According to the joint EPO-IEA report summarizing patent trends in the hydrogen economy (summarized here), technologies related to storage, distribution, and transportation of hydrogen are among the most critical challenges for large-scale deployment. Standardized infrastructure for hydrogen trade is essential to allow the market to function and flow.Read More
Hydrogen production technology, according to the joint EPO-IEA report summarizing patent trends in the hydrogen economy (summarized here), accounts for the largest percentage of patenting activity since 2011 among the three primary stages of the hydrogen value chain (i.e., (i) production, (ii) storage, distribution, and transformation, and (iii) end-use industrial applications). Trends show a shift in hydrogen production from carbon-intensive methods to technologies that do not rely on fossil fuels. The bulk of recent increased patent activity is directed to electrolysis development, while patent activity related to production from biomass and waste has decreased.Read More
Some of the largest false advertising jury verdicts were recorded in 2022. This, coupled with increased inflationary pressures will likely lead to an uptick in false advertising suits given that such pressures will impact consumer spending habits, leading to increased scrutiny of competitor advertising practices—particularly in the social media space.Read More
Many companies and activists toe the line of trade mark and copyright infringement in the name of parody, satire and criticism. In Australia, the fair dealing copyright exception for the purpose of parody or satire had rarely been judicially considered. There have now been two recent cases considering the defence.Read More
The Designs Amendment (Advisory Council on Intellectual Property Response) Bill 2020 (Bill), with important changes to designs law, is currently before Senate for consideration. It includes a much-anticipated change to implement a grace period that will allow designers to publish their designs before applying for design protection.Read More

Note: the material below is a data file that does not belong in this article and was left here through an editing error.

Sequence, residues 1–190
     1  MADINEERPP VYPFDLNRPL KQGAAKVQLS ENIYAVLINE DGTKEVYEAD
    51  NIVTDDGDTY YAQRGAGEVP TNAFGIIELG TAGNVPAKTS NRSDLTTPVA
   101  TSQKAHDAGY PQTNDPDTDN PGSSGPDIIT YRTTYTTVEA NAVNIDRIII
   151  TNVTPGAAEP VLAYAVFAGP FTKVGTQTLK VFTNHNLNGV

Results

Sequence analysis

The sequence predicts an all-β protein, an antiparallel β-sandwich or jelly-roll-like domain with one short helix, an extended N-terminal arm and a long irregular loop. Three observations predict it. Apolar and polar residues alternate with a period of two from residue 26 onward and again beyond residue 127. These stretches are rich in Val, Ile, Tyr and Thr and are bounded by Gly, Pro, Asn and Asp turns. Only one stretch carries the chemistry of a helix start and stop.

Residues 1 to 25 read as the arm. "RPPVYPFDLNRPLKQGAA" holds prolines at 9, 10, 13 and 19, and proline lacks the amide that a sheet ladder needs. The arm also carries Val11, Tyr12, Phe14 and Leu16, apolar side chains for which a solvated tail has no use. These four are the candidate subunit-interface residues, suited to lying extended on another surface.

In Response Clothing Ltd v The Edinburgh Woollen Mill Ltd  EWHC 148 (IPEC), the Intellectual Property Enterprise Court (“IPEC”) has issued the first UK decision made since the Court of Justice of the European Union’s controversial decision in Cofemel (C-683/17).
Why does this matter?
The Cofemel decision indicated that there is a harmonised concept of what constitutes a ‘work’ under copyright law throughout the EU, which is not restricted by any defined categories and should not take into account any aesthetic considerations.
Accordingly, there has been much discussion about the UK’s closed list of copyright protectable subject matter under the Copyright, Designs and Patent Act 1988 (“1988 Act”) and the concepts of ‘artistic works’, ‘sculptures’ and ‘works of artistic craftsmanship’ under section 4 of the 1988 Act and whether these are incompatible with EU law. Previous prominent Court decisions such as the Lucasfilm decision in the Stormtrooper Helmet case have also been thrown into question.
This decision is the first time that a UK Court has had to deal with this apparent incompatibility.Read More
Many businesses operate in the Middle East through entities licensed to use their trade marks. These businesses should be aware that many Middle Eastern countries require that trade mark licence agreements are recorded with the respective Trade Mark Registers or other named authorities in these countries. Not recording a licence agreement could lead to monetary penalties being imposed on the licensee or an inability to enforce trade marks against third party infringers.
For example, Bahrain, Qatar, Saudi Arabia and the United Arab Emirates each have more or less equivalent provisions in which a trade mark licence agreement must be in writing, it cannot include unregistered trade marks and it has no legal effect against third parties unless it is recorded on the respective Trade Mark Registers (or other named authorities in these countries). Each of these countries has slightly different processes and requirements for seeking registration of a trade mark licence agreement. Read More
Decision in Cantarella Bros Pty Ltd v Modena Trading Pty Ltd Clarifies Test for Distinctiveness of Trade Marks in Australia
This week, the High Court of Australia (High Court) handed down only its third decision considering trade mark issues since the enactment of the Trade Marks Act 1995 (Cth). This decision could make it easier to register foreign language words as trade marks.